Initiation and detonation in lead azide and silver azide at sub-millimeter geometries



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The process by which an energetic material is initiated and transitions from burning to detonation has been investigated and documented in the literature for many different materials. The fast reaction velocities and short reaction lengths of primary explosives have limited the amount of research on the nature of their transient, developing, pre-steady-state detonation processes. The increased interest in micro electro-mechanical systems (MEMS) and the growth of small-scale manufacturing processes has led to the need for a better understanding of the properties of energetic materials at reduced length scales.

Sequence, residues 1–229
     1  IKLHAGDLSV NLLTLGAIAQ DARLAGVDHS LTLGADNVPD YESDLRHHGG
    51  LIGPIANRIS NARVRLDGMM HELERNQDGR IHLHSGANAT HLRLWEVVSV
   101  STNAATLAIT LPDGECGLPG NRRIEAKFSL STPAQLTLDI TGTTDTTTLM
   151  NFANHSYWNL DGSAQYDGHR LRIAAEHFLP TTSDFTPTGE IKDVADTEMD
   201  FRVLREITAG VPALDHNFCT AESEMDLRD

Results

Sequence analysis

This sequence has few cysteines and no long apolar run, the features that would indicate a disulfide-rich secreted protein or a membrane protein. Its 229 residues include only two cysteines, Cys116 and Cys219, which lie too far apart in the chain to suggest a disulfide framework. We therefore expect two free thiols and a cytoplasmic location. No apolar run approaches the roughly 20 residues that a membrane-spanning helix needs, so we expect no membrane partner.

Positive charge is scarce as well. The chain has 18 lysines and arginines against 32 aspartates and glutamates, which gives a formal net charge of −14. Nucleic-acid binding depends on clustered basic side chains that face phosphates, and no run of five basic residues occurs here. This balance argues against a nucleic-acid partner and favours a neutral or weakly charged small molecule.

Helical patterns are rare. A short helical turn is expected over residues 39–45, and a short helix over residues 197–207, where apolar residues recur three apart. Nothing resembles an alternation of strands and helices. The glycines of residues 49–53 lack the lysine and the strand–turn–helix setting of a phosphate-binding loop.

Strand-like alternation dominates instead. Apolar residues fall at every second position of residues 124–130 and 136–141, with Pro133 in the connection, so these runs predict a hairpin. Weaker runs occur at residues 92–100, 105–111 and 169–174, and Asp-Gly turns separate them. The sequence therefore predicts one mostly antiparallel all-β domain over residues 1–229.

This research made use of high-speed streak camera photography to study both the initiation properties and reaction velocities of lead azide and silver azide. The charges studied were cylindrical in shape and had diameters ranging from 200 µm down to 10 ìm. The samples developed for study in these experiments were cylindrical charges of either lead azide, Pb(N3)2, or silver azide, (AgN3), contained in micro-capillaries. A method for the reliable production of charges of both lead azide and silver azide in sub-millimeter geometries has been demonstrated.

Results discussed include reaction velocity, observation of an accelerative reaction, observation of retonation waves, and the reaction of a lead azide charge as small as 10 µm in diameter.



Lead azide, Silver azide, Initiation, DDT (Insecticide), Deflagration